The Collected Works of Author and Blogger Larry Roberts

Archive for June, 2012

As a renter, I find the behavior of lenders, loan owners, and politicians galling. Lenders and loan owners inflated a massive housing bubble and priced me out of home ownership for over a decade. To make matters worse, politicians decided my tax dollars should go toward bailing out both parties and subsidizing this atrocious behavior. Politicians are compelling me to pay money to the very people whose avarice made it impractical for me to obtain a family home. True homeowners, responsible buyers with equity, should also be incensed by this foolishness, but since the housing bubble folly served to increase the value of their holdings, homeowners have said very little. In fact, most homeowners applaud the efforts to prop up…[READ MORE]

I have written extensively on strategic default. I have been an advocate of strategic default because it is generally the best financial decision for a family. When a loan owner is underwater and making payments far larger than the cost of a comparable rental, they are throwing their money away on mortgage interest to support a depreciating asset. That's pretty stupid. One reason millions of underwater loan owners don't strategically default is because they perceive it as immoral. We have debated this issue at length in the astute observations of this blog, but it comes down to a simple choice between competing values. Is a borrowers promise to repay their debt a greater moral obligation than their need to provide…[READ MORE]

Low house prices are good for the economy because low house prices make for low loan balances and less debt-service. When borrowers have excessive home debt, the excess comes directly out of disposable income. Since consumer spending is such an important component of the economy, the excess interest payments are a direct financial drain. As long as the debt on real estate is excessive and capital is tied up in non-performing assets, the economy will suffer. It’s really that simple. The solution is equally simple: foreclose on delinquent borrowers, wipe out the debt, and extract the remaining capital value. With the excess debt removed, borrowers can use their wage income to buy goods and services rather than giving it to…[READ MORE]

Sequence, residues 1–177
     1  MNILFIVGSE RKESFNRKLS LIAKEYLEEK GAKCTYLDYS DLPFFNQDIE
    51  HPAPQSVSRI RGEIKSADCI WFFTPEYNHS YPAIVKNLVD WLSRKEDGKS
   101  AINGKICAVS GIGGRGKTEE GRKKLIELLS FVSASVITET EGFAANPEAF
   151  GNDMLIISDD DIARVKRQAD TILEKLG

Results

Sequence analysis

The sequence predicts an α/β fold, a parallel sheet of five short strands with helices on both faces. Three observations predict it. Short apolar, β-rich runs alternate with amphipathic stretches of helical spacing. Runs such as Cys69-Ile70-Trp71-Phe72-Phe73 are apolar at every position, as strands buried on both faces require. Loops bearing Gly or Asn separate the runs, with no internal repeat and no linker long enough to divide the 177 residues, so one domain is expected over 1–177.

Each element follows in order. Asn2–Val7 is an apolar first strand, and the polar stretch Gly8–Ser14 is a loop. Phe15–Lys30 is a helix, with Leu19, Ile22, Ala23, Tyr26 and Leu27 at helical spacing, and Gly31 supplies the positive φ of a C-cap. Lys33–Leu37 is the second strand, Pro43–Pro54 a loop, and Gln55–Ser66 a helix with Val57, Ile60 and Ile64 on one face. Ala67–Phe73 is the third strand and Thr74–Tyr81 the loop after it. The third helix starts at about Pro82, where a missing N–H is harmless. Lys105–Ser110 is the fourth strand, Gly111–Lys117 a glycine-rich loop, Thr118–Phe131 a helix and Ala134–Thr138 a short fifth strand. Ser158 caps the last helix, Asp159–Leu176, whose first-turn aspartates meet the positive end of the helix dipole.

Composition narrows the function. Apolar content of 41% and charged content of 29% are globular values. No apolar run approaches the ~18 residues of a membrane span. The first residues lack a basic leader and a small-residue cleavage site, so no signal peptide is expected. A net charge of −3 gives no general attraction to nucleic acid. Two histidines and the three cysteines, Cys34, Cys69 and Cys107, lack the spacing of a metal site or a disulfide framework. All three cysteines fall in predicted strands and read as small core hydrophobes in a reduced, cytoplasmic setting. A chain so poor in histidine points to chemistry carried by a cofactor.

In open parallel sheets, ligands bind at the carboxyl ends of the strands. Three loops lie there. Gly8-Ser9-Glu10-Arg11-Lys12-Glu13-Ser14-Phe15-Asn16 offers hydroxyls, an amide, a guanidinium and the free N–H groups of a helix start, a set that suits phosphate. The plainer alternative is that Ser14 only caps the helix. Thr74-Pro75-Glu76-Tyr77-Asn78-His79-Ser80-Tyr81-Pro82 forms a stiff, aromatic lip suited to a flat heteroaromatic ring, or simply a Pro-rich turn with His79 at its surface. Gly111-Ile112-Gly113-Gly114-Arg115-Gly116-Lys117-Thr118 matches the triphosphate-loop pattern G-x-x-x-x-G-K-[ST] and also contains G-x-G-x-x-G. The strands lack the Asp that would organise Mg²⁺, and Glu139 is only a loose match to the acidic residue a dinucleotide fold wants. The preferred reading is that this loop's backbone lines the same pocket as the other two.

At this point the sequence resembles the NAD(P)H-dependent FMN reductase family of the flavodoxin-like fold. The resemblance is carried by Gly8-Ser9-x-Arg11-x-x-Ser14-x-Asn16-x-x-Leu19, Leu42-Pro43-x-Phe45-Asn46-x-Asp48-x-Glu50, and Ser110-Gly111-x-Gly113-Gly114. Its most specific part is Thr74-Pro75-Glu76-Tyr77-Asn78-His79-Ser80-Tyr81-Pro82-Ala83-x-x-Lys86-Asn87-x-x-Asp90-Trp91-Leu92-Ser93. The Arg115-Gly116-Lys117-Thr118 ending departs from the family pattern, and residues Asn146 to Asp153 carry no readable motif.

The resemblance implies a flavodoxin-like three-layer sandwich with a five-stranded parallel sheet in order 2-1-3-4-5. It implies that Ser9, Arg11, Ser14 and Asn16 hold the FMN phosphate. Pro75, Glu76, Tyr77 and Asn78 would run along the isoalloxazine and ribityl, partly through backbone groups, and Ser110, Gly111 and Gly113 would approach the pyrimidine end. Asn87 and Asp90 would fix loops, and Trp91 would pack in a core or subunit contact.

Quite predictably, pending home sales have declined precipitously due to the lack of available inventory. Lenders have a variety of reasons for withholding inventory right now, but among the biggest reasons is their desire to cause house prices to bottom. Lenders make the false assumption that supply and demand controls all pricing. It does not. Withholding supply may help buoy prices in the short term, but affordability puts a cap on prices stopping them from rising. Lenders hope active buyers raise their bids and push prices higher. After all, that's what buyers did during most of the housing bubble. Buyers have some ability to raise their bids by substituting to inferior housing stock, and some buyers do raise their bids…[READ MORE]

FHA has always been the lender of last resort. It was started in 1934 during the depths of the Great Depression to provide mortgage lending at a time when private money wouldn't do it. Of course, by then the housing market had bottomed, so the FHA loans from the Great Depression didn't cause huge losses, and since there was almost no other mortgage lending during that period, it was a welcome jump start to a beleaguered housing market. That isn't the function the FHA played in the collapse of the Great Housing Bubble. FHA was loaning money when nobody else would, and it did serve as a lender of last resort. However, since housing prices were just beginning their decline,…[READ MORE]

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